4:15 p.m., Blues Tent Lap-steel guitarists Campbell Brothers combine electric blues with gospel. The 60-year-old tradition emerges from the House of God Keith Dominion Church where the "sacred steel" remains a vital part of worship.
4:25 p.m., Jazz & Heritage Stage Drummers Stanton Moore and Kevin O'Day blast beats behind an army of New Orleans brass veterans, including Kirk Joseph, Matt Perrine, Sam Williams, Skerik and Troy "Trombone Shorty" Andrews.
Red Stick Ramblers
4:25 p.m., Lagniappe Stage The young, raucous honky tonkers in Baton Rouge's Red Stick Ramblers spice authentic, fiddle-heavy Cajun music with Western swing. The band's latest is My Suitcase is Always Packed (Sugar Hill), a 2009 release with equal parts rowdy barn burners and old-time tradition, an homage to south Louisiana music of the 1920s and 1930s.
Dr. Michael White & the Original Liberty Jazz Band feat. Thais Clark
4:30 p.m., Economy Hall Tent The doctor is in — the distinguished clarinetist, alongside the Liberty Jazz Band, performs traditional New Orleans jazz. Vocalist Thais Clark joins the band.
4:30 p.m., Fais Do-Do Stage Dubbed the "father of newgrass," the Grammy-winning multi-instrumentalist, who released Circles Around Me in 2009, earned the accolade as the creative force behind the bluegrass revival and as a pioneering mandolin player.
4:45 p.m., Gospel Tent The Rev. W.R. "Smokie" Norful Jr. followed his Grammy-award-winning 2004 album Nothing Without You with Smokie Norful Live, featuring his Victory Cathedral Choir.
Simon & Garfunkel
5:15 p.m., Acura Stage Since the baby boomer folk explosion they spawned, Paul Simon and Art Garfunkel have endured multiple on-again, off-again relationships. The duo split in 1970 and reunite infrequently for high-profile performances, but the two returned again last year for a brief international tour, and this year, the reunited Simon & Garfunkel kicks off a 13-date tour at the fest.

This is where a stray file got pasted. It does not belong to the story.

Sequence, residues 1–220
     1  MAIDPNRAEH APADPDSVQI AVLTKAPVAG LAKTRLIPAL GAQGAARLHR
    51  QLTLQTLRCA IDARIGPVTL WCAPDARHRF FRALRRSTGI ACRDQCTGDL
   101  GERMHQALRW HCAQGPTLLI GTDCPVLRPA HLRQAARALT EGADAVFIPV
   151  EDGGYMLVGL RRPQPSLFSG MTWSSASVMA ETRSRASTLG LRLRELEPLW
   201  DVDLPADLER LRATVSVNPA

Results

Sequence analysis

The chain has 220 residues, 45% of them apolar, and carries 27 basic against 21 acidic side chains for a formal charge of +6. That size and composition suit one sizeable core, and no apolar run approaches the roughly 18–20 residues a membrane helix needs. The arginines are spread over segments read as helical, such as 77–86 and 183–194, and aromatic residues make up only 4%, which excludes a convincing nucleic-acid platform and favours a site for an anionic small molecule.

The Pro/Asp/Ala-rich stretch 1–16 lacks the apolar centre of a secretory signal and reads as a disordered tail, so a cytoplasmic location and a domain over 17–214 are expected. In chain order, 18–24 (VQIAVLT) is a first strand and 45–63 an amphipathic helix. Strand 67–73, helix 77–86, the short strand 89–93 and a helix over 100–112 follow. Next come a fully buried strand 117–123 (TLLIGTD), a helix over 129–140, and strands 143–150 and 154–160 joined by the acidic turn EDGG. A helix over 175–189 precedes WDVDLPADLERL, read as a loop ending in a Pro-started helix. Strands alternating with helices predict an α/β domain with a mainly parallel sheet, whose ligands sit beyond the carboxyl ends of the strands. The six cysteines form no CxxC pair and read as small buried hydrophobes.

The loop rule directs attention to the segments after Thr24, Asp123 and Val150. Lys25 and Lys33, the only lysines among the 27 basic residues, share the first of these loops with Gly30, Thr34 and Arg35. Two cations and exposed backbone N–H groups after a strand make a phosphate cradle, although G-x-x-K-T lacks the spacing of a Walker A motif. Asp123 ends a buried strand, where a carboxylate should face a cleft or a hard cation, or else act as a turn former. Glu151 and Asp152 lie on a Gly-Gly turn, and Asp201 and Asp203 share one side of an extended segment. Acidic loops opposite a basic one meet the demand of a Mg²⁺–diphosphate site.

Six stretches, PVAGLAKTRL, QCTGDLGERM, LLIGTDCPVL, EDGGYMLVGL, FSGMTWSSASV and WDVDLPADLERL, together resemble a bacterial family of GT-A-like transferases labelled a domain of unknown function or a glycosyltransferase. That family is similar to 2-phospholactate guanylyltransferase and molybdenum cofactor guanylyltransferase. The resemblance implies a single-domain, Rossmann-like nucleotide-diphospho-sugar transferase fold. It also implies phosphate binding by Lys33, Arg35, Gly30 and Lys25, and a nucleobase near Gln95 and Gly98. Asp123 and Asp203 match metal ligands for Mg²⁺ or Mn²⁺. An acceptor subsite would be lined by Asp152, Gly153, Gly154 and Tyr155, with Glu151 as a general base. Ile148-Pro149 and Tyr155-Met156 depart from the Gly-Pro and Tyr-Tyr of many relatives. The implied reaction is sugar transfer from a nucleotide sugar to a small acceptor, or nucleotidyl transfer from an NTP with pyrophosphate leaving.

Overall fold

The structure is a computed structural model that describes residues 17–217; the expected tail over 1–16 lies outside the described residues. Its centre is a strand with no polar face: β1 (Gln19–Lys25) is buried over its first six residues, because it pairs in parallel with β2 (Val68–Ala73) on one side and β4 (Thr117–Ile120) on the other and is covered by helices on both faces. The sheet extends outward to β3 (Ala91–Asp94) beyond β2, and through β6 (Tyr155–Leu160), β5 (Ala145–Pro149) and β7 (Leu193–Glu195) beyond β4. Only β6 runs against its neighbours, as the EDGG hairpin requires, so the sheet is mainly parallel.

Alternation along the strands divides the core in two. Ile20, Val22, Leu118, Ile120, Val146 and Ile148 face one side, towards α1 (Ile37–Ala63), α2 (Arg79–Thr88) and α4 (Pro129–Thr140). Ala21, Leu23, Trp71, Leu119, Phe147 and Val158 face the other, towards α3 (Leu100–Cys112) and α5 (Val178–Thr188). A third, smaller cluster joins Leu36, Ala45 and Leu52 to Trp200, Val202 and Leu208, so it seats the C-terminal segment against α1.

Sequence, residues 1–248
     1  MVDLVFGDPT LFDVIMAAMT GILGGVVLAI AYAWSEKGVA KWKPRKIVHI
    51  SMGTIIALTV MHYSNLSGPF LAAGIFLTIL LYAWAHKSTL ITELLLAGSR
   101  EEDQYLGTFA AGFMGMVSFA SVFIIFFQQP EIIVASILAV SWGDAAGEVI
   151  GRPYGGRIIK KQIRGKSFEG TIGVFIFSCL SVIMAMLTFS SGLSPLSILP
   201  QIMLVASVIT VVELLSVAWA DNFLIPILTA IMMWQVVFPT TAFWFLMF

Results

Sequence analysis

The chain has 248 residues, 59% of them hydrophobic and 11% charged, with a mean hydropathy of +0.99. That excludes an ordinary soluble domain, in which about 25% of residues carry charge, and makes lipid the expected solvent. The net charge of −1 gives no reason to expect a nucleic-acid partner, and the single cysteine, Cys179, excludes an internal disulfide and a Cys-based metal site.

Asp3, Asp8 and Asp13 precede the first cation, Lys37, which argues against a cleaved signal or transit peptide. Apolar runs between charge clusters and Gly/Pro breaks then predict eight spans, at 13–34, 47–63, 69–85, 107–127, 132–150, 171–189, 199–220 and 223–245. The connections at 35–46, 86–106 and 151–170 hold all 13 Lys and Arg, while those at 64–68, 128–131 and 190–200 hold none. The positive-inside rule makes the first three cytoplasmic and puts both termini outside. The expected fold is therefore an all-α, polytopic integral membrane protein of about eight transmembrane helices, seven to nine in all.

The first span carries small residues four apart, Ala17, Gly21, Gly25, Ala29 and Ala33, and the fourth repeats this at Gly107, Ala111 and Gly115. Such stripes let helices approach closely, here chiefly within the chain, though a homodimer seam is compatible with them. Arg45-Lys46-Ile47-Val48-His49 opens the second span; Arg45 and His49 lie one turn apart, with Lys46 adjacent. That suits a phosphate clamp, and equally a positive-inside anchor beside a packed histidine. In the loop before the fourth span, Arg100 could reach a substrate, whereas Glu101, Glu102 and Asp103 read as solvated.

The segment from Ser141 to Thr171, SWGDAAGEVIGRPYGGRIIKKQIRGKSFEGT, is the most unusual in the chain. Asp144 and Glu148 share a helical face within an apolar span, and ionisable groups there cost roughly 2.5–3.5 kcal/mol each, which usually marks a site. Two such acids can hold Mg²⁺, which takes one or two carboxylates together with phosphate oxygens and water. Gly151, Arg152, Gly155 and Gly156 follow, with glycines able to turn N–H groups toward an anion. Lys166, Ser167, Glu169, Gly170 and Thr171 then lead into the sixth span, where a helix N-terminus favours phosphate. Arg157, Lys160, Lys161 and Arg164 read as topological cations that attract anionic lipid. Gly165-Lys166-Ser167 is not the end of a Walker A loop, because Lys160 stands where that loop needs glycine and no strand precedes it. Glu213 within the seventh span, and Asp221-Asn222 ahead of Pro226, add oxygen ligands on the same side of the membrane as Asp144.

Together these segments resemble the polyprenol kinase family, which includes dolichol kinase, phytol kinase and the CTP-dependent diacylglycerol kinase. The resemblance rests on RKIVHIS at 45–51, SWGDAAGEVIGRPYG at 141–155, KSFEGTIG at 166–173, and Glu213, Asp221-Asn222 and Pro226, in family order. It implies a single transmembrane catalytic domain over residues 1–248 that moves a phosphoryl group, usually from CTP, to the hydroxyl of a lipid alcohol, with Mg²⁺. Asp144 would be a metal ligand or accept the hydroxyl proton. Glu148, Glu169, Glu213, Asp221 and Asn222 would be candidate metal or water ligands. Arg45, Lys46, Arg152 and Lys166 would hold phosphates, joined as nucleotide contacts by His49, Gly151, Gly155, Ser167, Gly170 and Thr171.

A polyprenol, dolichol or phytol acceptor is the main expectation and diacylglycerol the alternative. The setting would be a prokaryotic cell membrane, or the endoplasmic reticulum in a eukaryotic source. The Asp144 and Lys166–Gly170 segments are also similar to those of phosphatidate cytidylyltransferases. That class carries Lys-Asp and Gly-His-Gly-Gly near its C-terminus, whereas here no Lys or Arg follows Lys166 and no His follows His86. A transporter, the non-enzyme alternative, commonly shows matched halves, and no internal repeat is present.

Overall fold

My Morning Jacket
5:30 p.m., Gentilly Stage My Morning Jacket's Jim James has a thing for Preservation Hall — he spent a day recording with the Hall's namesake band for the recently released Preservation.
5:30 p.m., Congo Square Stage Preceding hip-hop's hit It star Drake is local impresario K. Gates, responsible for the ubiquitous remix of the Ying Yang Twins' "Halftime," in which he drops rhymes with shout outs to everyone's favorite black and gold superstars.
Sax for Stax feat. Gerald Albright, Kirk Whalum and Jeff Lorber
5:35 p.m., WWOZ Jazz Tent Gerald Albright's Sax for Stax turns hits from the famed label's catalogue into jazzed up revisits. Kirk Whalum and Jeff Lorder, who also appeared on the album, recreate the album's live transformation.
5:40 p.m., Blues Tent Baton Rouge bluesman Tab Benoit aims to preserve the history of south Louisiana blues and its protective layer — his Voices of the Wetlands organization provides wetlands education and supports conservation efforts. His latest release, the live cut Night Train to Nashville, captures Benoit's powerful bayou blues.